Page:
WASHINGTON (Reuters) - China’s government appears increasingly to be piercing U.S. government and defense industry computer networks to gather useful data for its military, a congressional advisory panel said on Thursday.
“A large body of both circumstantial and forensic evidence strongly indicates Chinese state involvement in such activities,” the U.S.-China Economic and Security Review Commission said in its 2009 report to Congress.
The 12-member, bipartisan commission was set up in 2000 to analyze the implications of growing trade with China.
Beijing has begun to broaden its national security concerns beyond a potential clash across the Taiwan Strait and issues around its periphery, the 367-page report said.
China is the most aggressive country conducting espionage against the United States, focused on obtaining data and know-how to help military modernization and economic development, it added.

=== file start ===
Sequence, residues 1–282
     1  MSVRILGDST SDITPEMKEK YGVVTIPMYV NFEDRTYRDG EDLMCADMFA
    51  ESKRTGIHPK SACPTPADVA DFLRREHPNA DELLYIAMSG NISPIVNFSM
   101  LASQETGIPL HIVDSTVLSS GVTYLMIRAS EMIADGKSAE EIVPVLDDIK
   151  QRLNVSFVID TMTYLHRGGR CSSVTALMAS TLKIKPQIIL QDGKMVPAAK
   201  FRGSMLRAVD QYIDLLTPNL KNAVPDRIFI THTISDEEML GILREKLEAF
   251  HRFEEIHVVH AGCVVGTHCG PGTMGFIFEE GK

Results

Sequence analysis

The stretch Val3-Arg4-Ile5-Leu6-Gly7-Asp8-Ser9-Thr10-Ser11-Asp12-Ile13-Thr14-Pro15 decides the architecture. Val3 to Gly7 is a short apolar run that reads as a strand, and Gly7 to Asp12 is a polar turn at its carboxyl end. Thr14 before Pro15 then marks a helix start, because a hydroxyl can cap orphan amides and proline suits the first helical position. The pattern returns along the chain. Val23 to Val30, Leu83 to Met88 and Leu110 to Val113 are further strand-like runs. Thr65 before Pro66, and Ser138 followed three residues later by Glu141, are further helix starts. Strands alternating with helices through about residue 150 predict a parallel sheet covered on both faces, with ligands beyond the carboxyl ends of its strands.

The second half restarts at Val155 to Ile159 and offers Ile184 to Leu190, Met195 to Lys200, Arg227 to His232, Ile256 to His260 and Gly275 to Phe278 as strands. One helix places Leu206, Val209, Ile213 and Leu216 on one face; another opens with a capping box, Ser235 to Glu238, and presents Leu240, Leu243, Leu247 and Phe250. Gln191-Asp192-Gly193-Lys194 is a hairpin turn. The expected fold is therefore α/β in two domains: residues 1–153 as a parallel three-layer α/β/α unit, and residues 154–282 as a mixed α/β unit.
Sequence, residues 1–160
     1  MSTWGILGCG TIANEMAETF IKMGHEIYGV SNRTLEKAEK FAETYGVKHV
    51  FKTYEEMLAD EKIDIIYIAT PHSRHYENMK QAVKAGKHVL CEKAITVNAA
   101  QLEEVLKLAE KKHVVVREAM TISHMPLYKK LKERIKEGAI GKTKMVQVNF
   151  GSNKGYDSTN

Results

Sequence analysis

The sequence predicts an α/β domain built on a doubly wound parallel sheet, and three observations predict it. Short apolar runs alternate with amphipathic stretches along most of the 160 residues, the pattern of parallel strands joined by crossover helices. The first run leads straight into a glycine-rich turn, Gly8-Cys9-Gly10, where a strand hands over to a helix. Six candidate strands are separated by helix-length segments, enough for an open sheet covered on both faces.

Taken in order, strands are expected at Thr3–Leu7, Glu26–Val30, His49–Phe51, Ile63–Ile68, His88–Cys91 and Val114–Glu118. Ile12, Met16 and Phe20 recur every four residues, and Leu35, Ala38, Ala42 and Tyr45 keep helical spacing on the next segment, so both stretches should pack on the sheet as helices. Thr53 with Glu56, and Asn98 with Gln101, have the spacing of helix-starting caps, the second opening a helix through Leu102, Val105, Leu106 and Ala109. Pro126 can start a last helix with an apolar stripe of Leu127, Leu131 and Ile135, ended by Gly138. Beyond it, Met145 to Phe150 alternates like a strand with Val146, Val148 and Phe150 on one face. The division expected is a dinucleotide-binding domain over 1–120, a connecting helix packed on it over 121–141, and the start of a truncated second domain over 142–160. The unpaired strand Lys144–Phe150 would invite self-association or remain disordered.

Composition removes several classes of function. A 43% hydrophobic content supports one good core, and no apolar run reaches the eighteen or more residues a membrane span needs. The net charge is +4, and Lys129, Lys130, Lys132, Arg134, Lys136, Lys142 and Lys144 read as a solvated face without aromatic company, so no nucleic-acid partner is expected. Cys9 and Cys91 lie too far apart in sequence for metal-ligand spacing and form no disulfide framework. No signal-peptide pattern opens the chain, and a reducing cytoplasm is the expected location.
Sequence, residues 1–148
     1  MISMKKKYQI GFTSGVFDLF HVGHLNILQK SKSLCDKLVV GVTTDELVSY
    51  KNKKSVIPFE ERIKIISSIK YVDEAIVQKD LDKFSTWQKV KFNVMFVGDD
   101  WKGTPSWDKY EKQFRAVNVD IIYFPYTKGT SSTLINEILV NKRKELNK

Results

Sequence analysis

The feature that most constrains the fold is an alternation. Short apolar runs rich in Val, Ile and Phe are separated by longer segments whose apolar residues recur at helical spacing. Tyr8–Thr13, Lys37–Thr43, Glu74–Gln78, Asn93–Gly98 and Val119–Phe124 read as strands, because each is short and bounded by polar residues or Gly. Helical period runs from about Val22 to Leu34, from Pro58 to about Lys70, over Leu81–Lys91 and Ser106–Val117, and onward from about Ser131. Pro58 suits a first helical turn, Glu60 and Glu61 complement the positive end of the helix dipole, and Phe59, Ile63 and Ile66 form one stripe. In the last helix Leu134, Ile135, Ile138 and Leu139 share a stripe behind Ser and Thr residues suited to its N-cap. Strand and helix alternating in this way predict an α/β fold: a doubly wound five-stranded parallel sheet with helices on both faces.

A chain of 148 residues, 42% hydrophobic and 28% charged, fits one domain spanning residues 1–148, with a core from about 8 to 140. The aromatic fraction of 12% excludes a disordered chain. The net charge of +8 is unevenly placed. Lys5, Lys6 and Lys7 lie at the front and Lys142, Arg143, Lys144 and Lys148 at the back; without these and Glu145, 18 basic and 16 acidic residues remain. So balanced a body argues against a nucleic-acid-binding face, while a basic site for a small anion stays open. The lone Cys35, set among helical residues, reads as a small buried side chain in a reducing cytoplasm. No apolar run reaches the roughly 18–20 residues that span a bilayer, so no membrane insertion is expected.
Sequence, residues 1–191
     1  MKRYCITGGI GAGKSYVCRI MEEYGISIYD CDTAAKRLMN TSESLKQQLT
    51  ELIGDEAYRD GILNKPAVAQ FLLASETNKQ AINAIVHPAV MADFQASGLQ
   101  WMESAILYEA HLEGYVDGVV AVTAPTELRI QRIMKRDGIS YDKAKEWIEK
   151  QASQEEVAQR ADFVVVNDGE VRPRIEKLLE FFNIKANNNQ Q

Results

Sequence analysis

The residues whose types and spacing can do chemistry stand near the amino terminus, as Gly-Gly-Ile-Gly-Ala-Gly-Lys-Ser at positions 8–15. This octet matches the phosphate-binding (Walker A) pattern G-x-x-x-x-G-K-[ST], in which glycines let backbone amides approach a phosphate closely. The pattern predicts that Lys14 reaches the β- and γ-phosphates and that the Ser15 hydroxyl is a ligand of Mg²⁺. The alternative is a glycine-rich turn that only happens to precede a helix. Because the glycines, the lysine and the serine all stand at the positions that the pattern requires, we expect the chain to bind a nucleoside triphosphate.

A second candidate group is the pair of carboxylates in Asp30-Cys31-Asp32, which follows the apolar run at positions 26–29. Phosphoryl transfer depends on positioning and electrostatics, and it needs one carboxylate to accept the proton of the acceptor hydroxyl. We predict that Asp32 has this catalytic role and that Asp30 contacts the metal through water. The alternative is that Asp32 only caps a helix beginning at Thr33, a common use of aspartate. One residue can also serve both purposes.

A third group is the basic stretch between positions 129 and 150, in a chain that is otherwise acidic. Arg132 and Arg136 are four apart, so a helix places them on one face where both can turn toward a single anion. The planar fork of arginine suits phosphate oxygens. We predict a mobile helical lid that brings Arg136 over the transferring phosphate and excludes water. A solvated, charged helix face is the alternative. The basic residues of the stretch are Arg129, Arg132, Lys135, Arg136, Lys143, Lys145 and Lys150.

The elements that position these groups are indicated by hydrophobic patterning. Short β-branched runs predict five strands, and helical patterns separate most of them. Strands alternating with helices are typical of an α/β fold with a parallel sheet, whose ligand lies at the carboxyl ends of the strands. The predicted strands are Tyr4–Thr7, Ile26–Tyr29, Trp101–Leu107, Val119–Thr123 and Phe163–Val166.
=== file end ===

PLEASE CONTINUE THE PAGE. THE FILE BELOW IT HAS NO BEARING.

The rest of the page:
The amount of “malicious” computer activities against the United States increased in 2008 and is rising sharply this year, it said, adding, “Much of this activity appears to originate in China.”
The Chinese Embassy did not immediately respond to requests for comment.
The commission said the Chinese government had placed many of its capabilities for computer network operations within elements of the People’s Liberation Army.
“China’s peacetime computer exploitation efforts are primarily focused on intelligence collection against U.S. targets and Chinese dissident groups abroad,” it said.
The report cited conclusions of Northrop Grumman Corp, one of the Pentagon’s top contractors, that implicated the Chinese government in extensive cyber activities against the United States.
Omitted was any thorough description of the techniques used for forensic analysis of such suspected cyber espionage.
A Northrop Grumman study was prepared for the commission and released in October. It said Beijing appeared to be conducting “a long-term, sophisticated, computer network exploitation campaign” against the government and U.S. defense industries.
Reporting by Jim Wolf; Editing by Peter Cooney